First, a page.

The chief object which I have had in view, and which has not hitherto, that I am aware of, been attempted in the English Language, is to give to the Philosopher, and scientific Artist, an account of the Art, from the earliest period to the present enlightened age, and to endeavour to abridge the labour, and accelerate the dexterity of the practical and operative artizan.

I have the distinguished honour to be,


Your Royal Highness's

Most devoted,

And obliged humble Servant,



27th January, 1826.


THE Article HOROLOGY, which I contributed to the Edinburgh Encyclopædia, abridged and imperfect as it is, from the limits to which I was necessarily confined, attracted the attention, and met the approbation of several scientific and practical Clock and Watchmakers; and a separate publication, in a more extended form, was called for by some, whose opinions I am bound to respect.

Retired from the active pursuit of a profession, to which my whole life has been devoted, I have endeavoured to combine my own observations with those of the best practical writers, and to give the operative Clock and Watchmaker a condensed view of the Art in Great Britain and on the Continent of Europe. I am sensible the work still labours under many defects, and that I require the indulgence of the Critical Reader; yet I am unconscious of omitting, or slightly passing over any subject of essential importance.

At the advanced age of Fourscore, I have now completed a work, which will, with all its imperfections, I am willing to believe, prove a useful vade mecum to the Mechanic, for whose use chiefly it was written, and who, I doubt not, will consider the solid information it may contain, of more value to him than the blandishments of a fine style; at the same time, it illustrates, by historical and biographical details, subjects which might otherwise prove dry and uninteresting to the young Artist. I am not without hope also, that my labours may meet that candid reception from the Professors and Lecturers on Mechanical Philosophy, at our Universities, Provincial Academies, and Mechanics' Institutions, to which such attempts for the advancement of useful knowledge are justly entitled.

My not having complied with the wish of the late lamented Professor Robison of this city, may perhaps be received as an apology for the absence of those theoretical and philosophical discussions which might otherwise have formed a prominent feature in the Work now submitted to the public. That learned gentleman, so early as 1793, had projected a work on the Theory and practice of Horology,* a subject which he had studied with particular attention; and, in a letter addressed to me, requested my assistance and participation in the composition and publication of the proposed work. The active duties of an extensive business forbade my acceptance of so very flattering and apparently profitable proposition: I have, however, endeavoured, to the best of my abilities, to sup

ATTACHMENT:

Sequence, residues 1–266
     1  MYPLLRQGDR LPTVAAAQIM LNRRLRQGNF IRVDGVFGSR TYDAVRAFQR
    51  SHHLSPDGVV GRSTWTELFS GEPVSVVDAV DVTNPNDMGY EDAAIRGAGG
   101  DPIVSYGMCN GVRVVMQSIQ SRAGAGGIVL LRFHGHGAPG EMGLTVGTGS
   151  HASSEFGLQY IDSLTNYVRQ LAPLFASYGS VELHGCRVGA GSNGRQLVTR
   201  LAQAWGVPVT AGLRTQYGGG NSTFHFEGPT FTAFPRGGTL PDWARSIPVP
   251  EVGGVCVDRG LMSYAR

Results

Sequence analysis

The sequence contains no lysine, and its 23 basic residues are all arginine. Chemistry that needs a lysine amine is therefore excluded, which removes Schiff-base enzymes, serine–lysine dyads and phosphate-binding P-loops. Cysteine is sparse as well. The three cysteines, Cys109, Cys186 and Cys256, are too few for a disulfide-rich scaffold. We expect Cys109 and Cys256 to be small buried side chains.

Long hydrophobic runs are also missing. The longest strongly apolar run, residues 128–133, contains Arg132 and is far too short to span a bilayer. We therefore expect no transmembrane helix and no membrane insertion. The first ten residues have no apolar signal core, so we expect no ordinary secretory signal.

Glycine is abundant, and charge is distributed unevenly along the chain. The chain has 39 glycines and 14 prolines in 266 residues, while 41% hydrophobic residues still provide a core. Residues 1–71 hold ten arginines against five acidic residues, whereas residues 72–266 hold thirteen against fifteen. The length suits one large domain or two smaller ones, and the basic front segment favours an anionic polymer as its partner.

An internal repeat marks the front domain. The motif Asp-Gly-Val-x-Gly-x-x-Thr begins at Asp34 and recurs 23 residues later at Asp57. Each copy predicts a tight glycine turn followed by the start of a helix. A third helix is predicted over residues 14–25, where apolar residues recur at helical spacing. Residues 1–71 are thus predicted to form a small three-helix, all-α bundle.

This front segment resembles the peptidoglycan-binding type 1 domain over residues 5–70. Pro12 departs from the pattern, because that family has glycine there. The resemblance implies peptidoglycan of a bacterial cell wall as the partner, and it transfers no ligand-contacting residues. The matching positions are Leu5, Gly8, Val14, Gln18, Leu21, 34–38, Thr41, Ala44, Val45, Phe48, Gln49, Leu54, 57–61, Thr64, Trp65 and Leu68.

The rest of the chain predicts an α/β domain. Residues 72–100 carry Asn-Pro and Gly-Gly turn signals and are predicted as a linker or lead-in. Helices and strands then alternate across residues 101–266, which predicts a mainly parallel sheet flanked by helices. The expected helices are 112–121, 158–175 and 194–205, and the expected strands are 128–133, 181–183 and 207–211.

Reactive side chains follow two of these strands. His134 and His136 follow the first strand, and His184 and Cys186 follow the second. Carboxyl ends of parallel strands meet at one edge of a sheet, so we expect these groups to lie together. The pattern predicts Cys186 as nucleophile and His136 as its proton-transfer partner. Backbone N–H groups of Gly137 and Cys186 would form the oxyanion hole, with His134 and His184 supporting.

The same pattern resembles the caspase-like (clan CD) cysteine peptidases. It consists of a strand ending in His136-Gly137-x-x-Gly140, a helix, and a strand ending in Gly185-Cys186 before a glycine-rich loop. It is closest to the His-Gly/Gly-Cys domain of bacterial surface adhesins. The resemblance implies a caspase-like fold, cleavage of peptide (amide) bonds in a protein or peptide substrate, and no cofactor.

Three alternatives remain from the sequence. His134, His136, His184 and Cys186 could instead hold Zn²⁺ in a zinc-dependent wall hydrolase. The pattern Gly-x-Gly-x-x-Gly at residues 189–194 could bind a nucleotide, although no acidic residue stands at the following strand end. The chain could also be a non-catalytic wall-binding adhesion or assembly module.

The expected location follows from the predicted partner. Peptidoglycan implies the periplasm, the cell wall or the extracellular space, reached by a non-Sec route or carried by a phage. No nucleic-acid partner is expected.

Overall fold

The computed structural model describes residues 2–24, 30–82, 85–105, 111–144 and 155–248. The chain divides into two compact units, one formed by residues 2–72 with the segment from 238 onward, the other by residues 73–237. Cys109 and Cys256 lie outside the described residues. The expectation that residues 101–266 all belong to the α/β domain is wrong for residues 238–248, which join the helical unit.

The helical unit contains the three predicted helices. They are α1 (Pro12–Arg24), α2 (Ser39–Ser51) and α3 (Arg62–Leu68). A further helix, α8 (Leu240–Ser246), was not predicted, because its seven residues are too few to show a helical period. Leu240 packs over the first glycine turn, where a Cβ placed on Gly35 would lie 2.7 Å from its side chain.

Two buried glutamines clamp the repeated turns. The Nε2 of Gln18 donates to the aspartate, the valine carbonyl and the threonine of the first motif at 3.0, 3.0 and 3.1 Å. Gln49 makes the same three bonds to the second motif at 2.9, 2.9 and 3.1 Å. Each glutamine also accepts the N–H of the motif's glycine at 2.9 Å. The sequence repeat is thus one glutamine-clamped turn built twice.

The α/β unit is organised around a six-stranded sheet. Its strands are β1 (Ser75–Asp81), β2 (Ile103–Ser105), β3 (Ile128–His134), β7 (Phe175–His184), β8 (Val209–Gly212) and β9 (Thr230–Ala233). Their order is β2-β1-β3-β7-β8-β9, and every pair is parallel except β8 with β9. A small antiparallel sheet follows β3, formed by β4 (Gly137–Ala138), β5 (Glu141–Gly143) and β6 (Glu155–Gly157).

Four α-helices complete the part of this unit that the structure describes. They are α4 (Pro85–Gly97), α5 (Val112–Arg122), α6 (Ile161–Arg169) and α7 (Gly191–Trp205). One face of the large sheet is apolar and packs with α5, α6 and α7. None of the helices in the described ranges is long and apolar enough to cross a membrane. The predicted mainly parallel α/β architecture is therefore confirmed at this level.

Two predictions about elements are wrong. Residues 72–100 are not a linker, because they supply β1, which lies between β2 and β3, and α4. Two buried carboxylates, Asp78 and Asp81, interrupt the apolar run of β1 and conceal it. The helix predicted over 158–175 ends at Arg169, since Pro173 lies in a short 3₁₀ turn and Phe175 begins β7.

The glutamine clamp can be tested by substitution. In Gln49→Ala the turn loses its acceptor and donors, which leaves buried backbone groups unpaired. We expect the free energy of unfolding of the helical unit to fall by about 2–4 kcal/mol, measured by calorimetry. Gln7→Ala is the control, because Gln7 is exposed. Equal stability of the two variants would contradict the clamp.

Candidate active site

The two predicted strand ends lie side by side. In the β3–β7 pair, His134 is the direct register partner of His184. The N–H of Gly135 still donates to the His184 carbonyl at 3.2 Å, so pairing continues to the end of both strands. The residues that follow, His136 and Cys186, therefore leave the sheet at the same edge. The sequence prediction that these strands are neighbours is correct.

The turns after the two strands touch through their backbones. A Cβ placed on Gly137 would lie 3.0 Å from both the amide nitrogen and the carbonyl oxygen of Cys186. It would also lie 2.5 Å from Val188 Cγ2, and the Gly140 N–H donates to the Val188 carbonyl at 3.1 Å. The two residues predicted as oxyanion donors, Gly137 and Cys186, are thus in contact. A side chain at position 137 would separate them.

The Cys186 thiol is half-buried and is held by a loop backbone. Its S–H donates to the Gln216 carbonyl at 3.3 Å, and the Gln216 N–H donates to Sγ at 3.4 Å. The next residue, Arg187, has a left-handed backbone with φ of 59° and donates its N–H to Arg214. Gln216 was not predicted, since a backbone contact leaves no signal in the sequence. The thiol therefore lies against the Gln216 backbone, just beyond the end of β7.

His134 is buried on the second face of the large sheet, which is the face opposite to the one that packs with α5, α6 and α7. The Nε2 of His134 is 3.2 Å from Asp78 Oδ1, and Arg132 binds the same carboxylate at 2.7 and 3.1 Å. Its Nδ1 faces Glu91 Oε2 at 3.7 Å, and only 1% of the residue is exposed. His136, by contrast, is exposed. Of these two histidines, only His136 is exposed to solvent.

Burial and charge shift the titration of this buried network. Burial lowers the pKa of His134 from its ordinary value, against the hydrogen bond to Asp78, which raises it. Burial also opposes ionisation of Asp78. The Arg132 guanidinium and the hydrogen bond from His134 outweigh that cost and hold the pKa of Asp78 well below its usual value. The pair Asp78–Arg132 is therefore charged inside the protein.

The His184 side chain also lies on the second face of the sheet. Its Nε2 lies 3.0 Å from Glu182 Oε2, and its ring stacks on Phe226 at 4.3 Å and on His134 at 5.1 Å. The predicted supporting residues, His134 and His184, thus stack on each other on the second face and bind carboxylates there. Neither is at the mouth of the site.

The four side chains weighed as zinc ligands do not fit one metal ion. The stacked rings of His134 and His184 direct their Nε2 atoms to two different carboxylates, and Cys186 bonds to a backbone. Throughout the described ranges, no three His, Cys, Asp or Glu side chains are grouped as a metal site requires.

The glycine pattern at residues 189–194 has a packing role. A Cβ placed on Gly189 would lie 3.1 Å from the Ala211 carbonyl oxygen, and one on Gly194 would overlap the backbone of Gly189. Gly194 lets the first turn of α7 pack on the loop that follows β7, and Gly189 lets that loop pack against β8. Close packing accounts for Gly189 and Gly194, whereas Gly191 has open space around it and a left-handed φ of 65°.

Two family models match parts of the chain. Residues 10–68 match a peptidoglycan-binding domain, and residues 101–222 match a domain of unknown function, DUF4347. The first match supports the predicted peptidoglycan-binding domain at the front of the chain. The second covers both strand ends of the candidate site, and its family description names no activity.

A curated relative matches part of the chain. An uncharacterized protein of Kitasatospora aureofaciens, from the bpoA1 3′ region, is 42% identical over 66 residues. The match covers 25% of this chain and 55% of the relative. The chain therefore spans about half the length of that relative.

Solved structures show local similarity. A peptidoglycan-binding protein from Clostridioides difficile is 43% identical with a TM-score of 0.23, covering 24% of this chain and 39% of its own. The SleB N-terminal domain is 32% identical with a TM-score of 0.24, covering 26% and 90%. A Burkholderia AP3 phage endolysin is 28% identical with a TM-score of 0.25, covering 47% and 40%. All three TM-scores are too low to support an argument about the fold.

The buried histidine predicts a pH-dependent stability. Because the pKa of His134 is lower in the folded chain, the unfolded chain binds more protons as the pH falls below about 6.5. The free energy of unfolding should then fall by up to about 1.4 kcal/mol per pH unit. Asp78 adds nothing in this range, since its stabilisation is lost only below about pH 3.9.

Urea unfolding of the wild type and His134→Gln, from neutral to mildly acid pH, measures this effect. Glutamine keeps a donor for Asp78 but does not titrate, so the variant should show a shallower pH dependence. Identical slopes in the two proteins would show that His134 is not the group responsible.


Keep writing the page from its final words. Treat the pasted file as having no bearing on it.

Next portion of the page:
• See Robison's Mechanical Philosophy, edited by Dr. Brewster, vol. iv. page 609, under the head "WATCHWORK."

ply the want of such a publication, unaccompanied indeed with those spirited and scientific views of Mechanical Philosophy, which it would have derived from the aid of Professor Robison, yet, I flatter myself, not the less calculated for the practical Clock and Watchmaker, nor for the student and amateur in those branches of minute mechanism,-the wonderful results of which are every day unfolding themselves to the world.

I have entrusted the publication and future revision of this Work to my friend and late partner, Mr. WILLIAM AULD, a gentleman who is practically acquainted with the Art; and I have no doubt the subsequent editions, should the publication ever acquire that circulation, will be found to keep pace with the march of general improvement.


Page 106, bottom line, for “see top of page 105," read “see 2d Table, page 105.” 266, beginning of last paragraph, for "Lodi," read "Locle."

274, 5th line of end of Chap. for “ Tome," read “Dome."

292, line 28, for " Plate IV." read " Plate XIV."

348, line 11 from bottom, for " Muschenbroeck's," read "Musschenbroeck's." 368, line 6 from bottom, for "view of section," read" view, or section."

401, line 5 from top, for "a strong tight collet," read "a strong spring tight


407, line 10 from bottom, for "7.436," read " .7436”

407, line 10 from bottom, for "1.322,” read " 1.522"
440, top line, for "poin," read" point."

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